Search Engine Marketing Tips, Tricks, and Strategies

by Kevin Lee, CEO of

We've talked previously about ways to build your email list. One is providing a way for your website visitors to opt-in to hear from you. Great idea, right? But as rocker Tom Petty once said "the waiting is the hardest part." Where are those elusive site visitors? And how can you attract more of them so that your list (among other things like sales and brand recognition) grows faster? Our friend and search engine expert, Kevin Lee, explains.

Search Engine Marketing Tips, Tricks, and Strategies

by Kevin Lee, CEO of

Now more than ever, marketers are recognizing that search engines deliver the traffic that can be converted to sales and newsletter subscriptions (which, of course, may turn into sales at a later time). The hard part is getting the targeted search engine traffic you want and need.

Several years ago it was possible, even easy, to get good search result position in the organic (unpaid) search results. Now, even if you can get decent organic position that may not be enough. For example, a search results screen at Yahoo or MSN for a popular search term such as "travel" or "healthcare" returns a screen of nearly 100% paid listings. Scroll down and you still see a large percentage of paid search results. Even Google has sponsored listings that are displayed above their "organic" unpaid results.

However, organic search SEO is still important. Make sure your site is "search engine friendly" by following good practices, particularly unique title tags, and good copywriting.

  • Every page on your site should have a title tag that starts with the keyword phrases and words that most accurately describe the page and also are keywords you would like the site found for.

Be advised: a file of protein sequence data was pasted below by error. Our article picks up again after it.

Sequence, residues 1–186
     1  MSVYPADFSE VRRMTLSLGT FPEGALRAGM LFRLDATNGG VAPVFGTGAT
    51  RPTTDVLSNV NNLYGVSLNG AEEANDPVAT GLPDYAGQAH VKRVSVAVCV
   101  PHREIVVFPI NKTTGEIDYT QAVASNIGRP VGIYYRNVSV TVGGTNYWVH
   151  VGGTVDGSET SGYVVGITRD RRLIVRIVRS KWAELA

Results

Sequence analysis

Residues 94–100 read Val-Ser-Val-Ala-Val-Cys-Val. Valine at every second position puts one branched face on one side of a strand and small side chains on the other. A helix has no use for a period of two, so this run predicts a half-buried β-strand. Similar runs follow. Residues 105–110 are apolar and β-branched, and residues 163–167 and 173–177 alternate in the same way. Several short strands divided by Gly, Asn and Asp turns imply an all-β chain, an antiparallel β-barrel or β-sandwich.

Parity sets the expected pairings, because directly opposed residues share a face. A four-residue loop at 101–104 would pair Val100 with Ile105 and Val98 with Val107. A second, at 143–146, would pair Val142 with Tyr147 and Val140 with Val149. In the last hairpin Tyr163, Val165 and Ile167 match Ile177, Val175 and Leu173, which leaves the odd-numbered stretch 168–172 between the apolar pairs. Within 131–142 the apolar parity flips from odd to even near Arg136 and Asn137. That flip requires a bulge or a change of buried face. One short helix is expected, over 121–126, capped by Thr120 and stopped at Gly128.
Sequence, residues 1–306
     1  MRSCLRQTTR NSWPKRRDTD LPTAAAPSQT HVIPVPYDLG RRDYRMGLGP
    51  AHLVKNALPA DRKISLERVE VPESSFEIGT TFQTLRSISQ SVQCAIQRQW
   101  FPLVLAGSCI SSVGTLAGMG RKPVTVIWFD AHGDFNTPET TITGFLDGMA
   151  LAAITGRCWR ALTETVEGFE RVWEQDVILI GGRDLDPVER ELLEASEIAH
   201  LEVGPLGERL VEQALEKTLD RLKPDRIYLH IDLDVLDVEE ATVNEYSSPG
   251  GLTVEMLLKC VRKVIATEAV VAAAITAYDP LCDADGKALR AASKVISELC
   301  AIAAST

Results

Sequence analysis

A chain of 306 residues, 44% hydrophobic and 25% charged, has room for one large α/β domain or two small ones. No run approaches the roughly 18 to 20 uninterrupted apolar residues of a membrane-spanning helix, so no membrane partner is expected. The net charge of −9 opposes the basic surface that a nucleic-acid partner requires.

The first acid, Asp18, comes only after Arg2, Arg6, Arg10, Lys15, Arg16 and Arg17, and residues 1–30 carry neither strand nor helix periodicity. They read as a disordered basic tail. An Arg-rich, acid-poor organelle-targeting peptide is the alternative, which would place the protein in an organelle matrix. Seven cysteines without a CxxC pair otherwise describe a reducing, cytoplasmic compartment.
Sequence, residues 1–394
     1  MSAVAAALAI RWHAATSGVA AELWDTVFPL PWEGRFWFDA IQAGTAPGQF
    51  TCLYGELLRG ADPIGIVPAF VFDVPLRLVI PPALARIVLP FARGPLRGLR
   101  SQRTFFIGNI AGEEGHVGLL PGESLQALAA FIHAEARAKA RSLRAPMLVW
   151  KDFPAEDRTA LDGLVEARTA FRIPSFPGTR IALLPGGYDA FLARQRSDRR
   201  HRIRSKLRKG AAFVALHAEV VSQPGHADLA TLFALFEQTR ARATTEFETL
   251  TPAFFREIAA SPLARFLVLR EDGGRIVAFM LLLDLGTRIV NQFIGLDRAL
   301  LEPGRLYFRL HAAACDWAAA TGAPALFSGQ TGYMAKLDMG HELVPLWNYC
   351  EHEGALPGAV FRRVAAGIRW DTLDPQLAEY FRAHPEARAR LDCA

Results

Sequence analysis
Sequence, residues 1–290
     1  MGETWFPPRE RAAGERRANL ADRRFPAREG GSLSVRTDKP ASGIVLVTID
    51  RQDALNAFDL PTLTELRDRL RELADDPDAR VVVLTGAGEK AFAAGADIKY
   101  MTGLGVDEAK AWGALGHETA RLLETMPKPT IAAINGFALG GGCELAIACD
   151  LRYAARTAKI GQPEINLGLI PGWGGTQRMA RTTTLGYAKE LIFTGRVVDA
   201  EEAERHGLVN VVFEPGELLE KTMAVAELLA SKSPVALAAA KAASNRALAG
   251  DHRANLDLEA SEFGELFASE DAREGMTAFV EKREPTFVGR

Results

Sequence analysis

• Copy on the page itself should all be in text form (not graphics) and should be written with the searcher in mind, using phrases and keywords that your target audience is likely to use when looking for you.
  • Make the page "search engine spider friendly" and then make sure you have directory listings (Yahoo and DMOZ.,org).
  • Try to get appropriate sites to link to you.

Of course you can spend lots of time, energy and money trying to obtain those elusive top organic natural placements. But, many marketers have realized that assured positions and traffic are available through paid listings, as search engine traffic is always available for a price. Marketers can buy text-link search results on all of the top 15 search sites as ranked by Media Metrix and NetRatings. This is called paid SEM (Search Engine Marketing) which is broken down into four categories: Paid Placement, Directory Inclusion, Paid Inclusion and Shopping Engines.

Paid Placement

The top paid placement vendors are Overture, Google, and FindWhat. Each of these search traffic vendors has syndication partners. Overture has Yahoo, MSN and others, and Google has AOL and Ask Jeeves; so, most of the traffic you get is from sites that have partnered to deliver the search traffic.

The top few listings are the only ones syndicated to all the big sites, and Google and Overture work like auctions. Argh! That means if you have 500 keywords listed with three vendors, you have to keep track of pricing and positioning for 1500 different listings. More importantly, you should know what you want the visitor to do after arrival at your site. That action should be measured so you know which keywords result in those desired actions.